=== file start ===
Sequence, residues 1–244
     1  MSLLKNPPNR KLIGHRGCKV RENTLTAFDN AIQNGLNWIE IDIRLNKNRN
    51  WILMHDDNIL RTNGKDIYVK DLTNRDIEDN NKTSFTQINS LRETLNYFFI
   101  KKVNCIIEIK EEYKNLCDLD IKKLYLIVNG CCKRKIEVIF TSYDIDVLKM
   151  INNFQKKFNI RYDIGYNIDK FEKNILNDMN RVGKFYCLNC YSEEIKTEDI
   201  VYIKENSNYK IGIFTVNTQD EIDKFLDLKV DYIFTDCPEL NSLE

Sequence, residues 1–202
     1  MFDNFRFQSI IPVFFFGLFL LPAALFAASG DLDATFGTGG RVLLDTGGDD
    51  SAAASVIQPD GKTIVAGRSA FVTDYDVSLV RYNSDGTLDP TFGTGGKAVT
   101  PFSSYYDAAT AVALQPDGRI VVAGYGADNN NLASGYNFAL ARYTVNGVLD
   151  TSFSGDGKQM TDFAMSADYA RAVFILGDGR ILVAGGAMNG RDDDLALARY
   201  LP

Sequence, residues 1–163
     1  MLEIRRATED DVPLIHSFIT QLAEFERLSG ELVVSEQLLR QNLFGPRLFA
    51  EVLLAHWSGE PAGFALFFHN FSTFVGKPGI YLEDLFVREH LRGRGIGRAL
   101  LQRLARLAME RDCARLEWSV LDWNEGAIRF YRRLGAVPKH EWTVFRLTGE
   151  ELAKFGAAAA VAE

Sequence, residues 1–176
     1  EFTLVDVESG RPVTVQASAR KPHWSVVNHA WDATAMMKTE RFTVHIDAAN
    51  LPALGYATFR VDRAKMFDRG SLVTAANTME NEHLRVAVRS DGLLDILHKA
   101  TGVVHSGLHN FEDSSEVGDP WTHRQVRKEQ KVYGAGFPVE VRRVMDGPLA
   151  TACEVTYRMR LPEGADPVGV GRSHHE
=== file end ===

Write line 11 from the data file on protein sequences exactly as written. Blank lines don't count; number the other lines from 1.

   151  TSFSGDGKQM TDFAMSADYA RAVFILGDGR ILVAGGAMNG RDDDLALARY